Friday, August 12, 2005





My Big 10 Inch


I must have been 14 when I sliced the knuckle off of my left index finger. Even at such a young age, I had the good sense to trim the top off the carrot and stabilize the base of the carrot against the wooden cutting board as I began to cut with the 10” chef’s knife from the nubby tip of the carrot to the base as I maintained a tentative grip with my left hand. I glided through the thin tip of the carrot with the knife as if I were unzipping a pair of pants, then I got the fibrous core of the carrot and my not too sharp knife took an off-ramp into my not too sharp left hand. I remembered all of this when I sat down to my first “knife skills” class last month.

This came as a happily received wedding gift from my friend Robert after a conversation about our mutual insecurities in the kitchen along with our shared desire to unlearn years of sloppy habits. Although I have never been professionally trained in anything, I hold the conviction that there are “correct ways” to do things, and ways in which you either ape what is correct or do what you can to get by. I have had a sinking feeling over the last few years, and the hundreds of hours of meal prep, that I am simply doing it all wrong when it comes to handling my knives. While cuts are a rare occurrence in my kitchen, and I certainly haven’t had anymore repeat Grand Guignol experiences like I had when I was a teenager, I know I have some bad habits that need to be unlearned.

So, on a sleepy Thursday night, Robert and I made our way to Culver City for, what was to be my first, cooking class (of sorts). The idea of cooking classes excites me, since nearly all of my limited expertise has come from trial and error, and I tend to overvalue the word of the expert (even though I have pronounced anti-authoritarian tendencies). The classroom was littered with unbelievably uncomfortable low-back wire stools that all dutifully faced a stainless steel whale of a kitchen. There was a lot of pre-game chatter among the adult-contemporary students, while they craned their necks in opposite directions to spy what was on the menu and who was blowing through the door unceremoniously late.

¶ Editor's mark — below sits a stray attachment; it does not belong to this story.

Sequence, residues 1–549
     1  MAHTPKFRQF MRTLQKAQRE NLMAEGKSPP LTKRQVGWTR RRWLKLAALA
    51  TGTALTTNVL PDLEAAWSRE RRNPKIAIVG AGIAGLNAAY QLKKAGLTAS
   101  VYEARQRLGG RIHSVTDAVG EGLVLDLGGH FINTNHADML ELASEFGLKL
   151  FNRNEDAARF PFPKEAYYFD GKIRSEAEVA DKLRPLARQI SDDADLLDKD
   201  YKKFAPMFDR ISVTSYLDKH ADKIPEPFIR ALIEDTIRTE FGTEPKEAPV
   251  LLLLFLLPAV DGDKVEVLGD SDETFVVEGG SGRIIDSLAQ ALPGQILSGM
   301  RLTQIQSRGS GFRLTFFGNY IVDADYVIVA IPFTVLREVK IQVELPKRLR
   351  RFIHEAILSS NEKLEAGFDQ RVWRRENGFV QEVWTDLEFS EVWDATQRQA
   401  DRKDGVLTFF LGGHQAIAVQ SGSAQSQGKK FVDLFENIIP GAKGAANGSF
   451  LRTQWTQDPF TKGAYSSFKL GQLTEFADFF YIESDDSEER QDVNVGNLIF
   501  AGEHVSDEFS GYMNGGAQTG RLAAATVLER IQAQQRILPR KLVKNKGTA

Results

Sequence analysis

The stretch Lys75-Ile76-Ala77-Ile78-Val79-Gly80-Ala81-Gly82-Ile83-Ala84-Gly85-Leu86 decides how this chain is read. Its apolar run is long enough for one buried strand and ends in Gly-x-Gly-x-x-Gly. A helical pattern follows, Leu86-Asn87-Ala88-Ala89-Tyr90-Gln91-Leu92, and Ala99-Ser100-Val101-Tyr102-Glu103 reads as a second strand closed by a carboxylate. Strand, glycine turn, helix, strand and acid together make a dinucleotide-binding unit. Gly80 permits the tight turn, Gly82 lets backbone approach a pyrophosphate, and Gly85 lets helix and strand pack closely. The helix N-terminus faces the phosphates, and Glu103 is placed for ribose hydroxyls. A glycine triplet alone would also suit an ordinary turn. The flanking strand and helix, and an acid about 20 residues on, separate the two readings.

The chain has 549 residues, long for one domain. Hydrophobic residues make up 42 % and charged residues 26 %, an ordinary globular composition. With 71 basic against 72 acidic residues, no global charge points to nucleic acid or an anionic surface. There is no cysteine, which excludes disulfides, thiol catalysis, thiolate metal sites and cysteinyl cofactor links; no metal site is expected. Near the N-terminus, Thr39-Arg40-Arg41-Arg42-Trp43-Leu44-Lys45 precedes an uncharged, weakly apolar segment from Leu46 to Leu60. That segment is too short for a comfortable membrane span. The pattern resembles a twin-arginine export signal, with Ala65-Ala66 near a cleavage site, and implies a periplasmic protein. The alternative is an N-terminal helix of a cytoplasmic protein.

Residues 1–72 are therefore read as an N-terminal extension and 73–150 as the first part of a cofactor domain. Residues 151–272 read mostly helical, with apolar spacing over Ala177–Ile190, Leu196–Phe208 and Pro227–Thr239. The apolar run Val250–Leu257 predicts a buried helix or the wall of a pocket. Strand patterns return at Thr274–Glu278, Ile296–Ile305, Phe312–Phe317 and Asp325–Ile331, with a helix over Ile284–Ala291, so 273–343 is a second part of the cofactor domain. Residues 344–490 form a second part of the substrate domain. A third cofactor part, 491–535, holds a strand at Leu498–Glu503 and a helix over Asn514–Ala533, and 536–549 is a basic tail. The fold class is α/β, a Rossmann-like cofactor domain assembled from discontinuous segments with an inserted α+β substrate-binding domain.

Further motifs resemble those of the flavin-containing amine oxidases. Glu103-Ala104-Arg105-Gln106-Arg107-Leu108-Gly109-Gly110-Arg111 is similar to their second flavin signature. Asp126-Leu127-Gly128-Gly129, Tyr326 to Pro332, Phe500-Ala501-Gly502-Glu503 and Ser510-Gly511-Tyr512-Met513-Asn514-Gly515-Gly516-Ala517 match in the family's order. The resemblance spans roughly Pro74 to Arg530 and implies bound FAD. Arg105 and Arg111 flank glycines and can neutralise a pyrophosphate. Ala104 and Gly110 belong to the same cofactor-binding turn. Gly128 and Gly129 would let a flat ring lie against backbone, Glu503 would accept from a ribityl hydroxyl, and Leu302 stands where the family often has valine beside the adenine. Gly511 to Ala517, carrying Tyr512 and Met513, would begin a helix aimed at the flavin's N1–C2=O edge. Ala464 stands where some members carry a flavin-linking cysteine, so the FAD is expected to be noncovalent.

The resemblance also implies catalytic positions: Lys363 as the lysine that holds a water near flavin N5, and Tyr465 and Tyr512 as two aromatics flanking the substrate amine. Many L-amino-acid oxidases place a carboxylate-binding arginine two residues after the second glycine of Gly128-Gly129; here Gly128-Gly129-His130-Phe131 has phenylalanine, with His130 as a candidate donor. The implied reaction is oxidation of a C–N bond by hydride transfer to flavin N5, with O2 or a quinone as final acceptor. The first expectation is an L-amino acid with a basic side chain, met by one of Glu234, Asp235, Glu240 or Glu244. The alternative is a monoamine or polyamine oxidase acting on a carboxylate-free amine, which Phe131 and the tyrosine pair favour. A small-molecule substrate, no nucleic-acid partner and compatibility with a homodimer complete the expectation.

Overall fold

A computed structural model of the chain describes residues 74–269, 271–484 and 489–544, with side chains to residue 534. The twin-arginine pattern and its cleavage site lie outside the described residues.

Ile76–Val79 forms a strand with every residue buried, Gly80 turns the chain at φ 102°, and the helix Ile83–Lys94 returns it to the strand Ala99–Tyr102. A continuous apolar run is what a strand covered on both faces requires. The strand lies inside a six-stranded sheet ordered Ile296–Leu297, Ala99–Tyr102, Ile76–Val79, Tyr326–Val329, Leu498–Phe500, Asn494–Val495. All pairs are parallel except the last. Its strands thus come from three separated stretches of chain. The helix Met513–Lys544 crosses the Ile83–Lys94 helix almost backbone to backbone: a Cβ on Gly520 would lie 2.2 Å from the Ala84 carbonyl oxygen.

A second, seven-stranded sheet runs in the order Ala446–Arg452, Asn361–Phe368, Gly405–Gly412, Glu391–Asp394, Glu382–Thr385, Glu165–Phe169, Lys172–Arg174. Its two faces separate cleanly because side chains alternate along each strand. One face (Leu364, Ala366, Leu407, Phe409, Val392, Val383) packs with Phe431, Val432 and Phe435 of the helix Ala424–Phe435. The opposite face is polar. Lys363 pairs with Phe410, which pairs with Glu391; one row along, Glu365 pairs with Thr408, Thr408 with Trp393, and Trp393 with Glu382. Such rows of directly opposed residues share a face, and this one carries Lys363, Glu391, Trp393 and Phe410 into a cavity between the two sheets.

While I could drag you through a blow-by-blow of what was taught, the cuddly panda bear nature of the teacher, and the several grand-standing questions asked by my fellow students, I think I could do us all a favor by boiling it down to the key points of the evening, and they read something like this:

Most people don’t sharpen their knifes but instead use a steel (that blunt skewer looking thing) to do a sharpening job that is never done. Steels don’t sharpen knives; they only realign an exiting edge.

There is a part of a conventional onion that really should be cut out and thrown away (the root) because it is bitter and tough.

Housewives from Redondo Beach don’t know what a chipotle pepper is.

Your chef’s knife is your most important and cherished knife and could be used for just about anything.

Those handy paper thin plastic cutting boards that provide the freedom to funnel a few cups of chopped onions into a sauté pan are murder on your knives and should likely be relegated to shelf liners.

The New School of Cooking is never too proud to serve their students Charles Shaw Chardonnay at $2 a bottle.